Next Wednesday, hundreds of Johnson County young people will roll out of bed and ready themselves for a new school year.

As students make their way back to the classroom, it’s important to remember that we all need to make a concerted effort to be more cautious behind the wheel.

Most students are excited for what’s to come. They have their new duds, their backpacks stuffed with fresh supplies and plans for whom they want to sit by at lunch. Some will see friends they haven’t seen all summer. Some just want to get their lockers and desks set up. Some will have their headphones in, listening to their favorite tunes. But all of them will likely have lots on their minds that morning as they make their way to school, and that means they might be distracted.

It’s important to talk to your children about how to safely and properly cross the street. If they are riding a bike, remind them to wear a helmet and walk their bikes across the crosswalk. If they are walking, remind them to look both ways before crossing the street. Bicyclists should ride with traffic. If students have to walk where there is no sidewalk, remind them to walk against traffic so oncoming cars can see them. Remind students not to be distracted walkers or bikers and to focus on what lies ahead.

The Buffalo Police Department reminds people every year to slow down in school zones and near crosswalks. There will be students biking, skateboarding and walking.

It’s especially important to stop for a school bus with flashing lights. The fine for passing a school bus with flashing lights is $750, and Buffalo Police Chief Jason Carder said his office has a zero-tolerance policy.

For parents with teen drivers, remind them how important it is to focus on the road.

According to the National Highway Traffic Safety Administration, speeding was a factor in 31 percent of teen driver fatalities in 2016.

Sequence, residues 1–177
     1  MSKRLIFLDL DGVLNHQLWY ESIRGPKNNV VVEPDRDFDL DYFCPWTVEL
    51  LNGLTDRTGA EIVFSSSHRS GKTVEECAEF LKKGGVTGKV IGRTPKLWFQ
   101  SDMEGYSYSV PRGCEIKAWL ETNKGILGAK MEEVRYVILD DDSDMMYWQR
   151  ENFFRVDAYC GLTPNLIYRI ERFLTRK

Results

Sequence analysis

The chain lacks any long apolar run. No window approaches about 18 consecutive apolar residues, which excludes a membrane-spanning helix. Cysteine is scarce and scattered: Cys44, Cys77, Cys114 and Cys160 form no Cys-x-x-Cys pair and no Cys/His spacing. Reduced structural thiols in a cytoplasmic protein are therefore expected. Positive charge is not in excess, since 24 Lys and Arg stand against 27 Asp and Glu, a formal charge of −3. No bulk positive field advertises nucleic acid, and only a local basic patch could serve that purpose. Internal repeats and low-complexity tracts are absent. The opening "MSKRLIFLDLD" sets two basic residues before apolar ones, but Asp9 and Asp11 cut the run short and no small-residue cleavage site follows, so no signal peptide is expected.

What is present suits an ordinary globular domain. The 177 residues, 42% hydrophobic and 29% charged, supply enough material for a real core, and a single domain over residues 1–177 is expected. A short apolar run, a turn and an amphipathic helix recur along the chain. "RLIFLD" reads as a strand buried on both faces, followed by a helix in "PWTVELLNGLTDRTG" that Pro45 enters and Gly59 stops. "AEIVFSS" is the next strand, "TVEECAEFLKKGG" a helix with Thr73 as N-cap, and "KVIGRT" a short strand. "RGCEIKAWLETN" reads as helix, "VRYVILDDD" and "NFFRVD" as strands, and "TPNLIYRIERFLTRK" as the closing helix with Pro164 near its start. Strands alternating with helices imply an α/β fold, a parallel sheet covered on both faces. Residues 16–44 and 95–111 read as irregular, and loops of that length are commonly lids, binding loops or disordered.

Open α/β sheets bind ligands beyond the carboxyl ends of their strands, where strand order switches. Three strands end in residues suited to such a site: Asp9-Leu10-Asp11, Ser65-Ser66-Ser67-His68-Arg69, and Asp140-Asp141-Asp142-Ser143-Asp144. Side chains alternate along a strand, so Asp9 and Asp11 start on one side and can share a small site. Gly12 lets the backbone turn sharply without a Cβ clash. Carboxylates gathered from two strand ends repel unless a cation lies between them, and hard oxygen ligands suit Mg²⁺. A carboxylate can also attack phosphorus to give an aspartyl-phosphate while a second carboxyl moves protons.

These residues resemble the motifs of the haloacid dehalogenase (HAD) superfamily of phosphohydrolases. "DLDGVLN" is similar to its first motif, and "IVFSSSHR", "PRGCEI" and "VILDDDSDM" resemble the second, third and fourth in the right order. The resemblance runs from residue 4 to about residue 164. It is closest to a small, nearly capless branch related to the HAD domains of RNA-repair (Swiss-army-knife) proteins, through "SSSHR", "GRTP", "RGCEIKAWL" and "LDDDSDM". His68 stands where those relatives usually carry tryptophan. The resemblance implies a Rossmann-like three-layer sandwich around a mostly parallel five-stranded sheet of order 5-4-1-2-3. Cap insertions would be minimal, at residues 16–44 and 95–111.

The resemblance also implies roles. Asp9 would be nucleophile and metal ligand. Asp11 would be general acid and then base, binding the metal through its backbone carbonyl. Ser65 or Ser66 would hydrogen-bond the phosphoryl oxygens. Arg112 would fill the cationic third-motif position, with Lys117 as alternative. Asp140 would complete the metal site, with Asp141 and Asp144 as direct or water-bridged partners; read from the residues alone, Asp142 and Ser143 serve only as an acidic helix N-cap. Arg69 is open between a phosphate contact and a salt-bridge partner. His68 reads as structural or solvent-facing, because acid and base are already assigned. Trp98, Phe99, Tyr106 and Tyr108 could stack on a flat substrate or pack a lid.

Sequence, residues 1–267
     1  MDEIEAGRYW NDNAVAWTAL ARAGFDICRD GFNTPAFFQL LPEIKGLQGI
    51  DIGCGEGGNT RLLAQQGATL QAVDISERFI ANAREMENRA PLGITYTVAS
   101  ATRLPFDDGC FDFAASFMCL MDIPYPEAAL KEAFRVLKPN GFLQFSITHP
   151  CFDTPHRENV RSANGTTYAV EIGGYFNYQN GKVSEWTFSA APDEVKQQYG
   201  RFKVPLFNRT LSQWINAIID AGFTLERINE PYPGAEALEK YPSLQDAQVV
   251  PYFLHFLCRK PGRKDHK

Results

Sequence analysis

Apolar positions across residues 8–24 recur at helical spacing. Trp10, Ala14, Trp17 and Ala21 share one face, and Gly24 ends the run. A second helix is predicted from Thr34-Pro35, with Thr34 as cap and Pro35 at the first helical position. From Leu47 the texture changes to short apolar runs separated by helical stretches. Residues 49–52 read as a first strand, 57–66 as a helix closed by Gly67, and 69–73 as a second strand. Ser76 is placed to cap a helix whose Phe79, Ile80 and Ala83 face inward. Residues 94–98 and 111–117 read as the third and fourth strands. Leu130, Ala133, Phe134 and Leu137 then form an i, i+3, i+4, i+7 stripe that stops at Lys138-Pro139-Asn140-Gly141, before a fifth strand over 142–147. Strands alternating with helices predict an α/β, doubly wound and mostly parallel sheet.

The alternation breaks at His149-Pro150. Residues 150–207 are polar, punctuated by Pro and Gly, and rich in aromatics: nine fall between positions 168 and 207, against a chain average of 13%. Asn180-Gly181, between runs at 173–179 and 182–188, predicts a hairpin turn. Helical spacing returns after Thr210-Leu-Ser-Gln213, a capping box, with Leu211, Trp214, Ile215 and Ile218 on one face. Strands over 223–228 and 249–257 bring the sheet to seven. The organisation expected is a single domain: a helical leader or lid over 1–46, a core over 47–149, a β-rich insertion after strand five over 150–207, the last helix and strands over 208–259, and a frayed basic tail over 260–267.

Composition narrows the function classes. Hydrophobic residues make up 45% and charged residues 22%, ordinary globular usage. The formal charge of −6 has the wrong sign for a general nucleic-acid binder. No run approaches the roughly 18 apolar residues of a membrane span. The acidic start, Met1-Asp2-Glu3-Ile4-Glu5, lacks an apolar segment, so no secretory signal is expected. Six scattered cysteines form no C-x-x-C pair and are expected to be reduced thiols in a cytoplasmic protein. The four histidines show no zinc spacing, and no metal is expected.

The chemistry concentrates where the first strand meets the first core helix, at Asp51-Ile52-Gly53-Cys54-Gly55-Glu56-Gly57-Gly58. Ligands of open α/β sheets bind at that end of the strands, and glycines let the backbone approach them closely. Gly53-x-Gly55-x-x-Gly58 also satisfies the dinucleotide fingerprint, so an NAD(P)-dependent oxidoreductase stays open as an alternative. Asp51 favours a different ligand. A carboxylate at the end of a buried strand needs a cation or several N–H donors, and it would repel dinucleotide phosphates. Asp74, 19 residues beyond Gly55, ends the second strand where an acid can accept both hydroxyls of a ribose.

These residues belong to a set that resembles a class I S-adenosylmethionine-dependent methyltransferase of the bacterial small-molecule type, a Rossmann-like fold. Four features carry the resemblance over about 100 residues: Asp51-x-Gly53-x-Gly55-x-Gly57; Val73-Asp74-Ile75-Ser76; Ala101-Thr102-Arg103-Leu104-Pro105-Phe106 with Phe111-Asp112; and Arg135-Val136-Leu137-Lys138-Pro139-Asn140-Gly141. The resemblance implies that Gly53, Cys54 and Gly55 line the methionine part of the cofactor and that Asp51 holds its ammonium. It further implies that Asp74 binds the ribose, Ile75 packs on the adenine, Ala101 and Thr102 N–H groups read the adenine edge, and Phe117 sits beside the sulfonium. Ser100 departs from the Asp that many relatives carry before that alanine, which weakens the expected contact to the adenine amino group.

One in three teens who text report they have done so while driving. According to the traffic safety administration, texting drivers are 23 times more likely to crash. Make sure to talk to your student drivers about the rules and responsibilities involved with driving.   

The National Safety Council provides various tips to ensure our youngsters’ safety. For parents dropping off their children, the council suggests not double-parking as it blocks visibility for other children; don’t load or unload children across the street from the school; and consider carpooling, as it reduces the number of vehicles. The council also reminds drivers not to block the crosswalk when stopped at a red light and to always stop for a school patrol officer or crossing guard holding up a stop sign.

When passing a bicycle, according to the council, be sure to proceed slowly and leave 3 feet between the car and the cyclist; if you’re turning right and a cyclist is approaching from behind on the right, let the rider go through the intersection first; watch for bikes coming from driveways or behind parked cars; and check side mirrors before opening your door.

By slowing down and eliminating distractions, we can each do our part to ensure this school year is a safe one.

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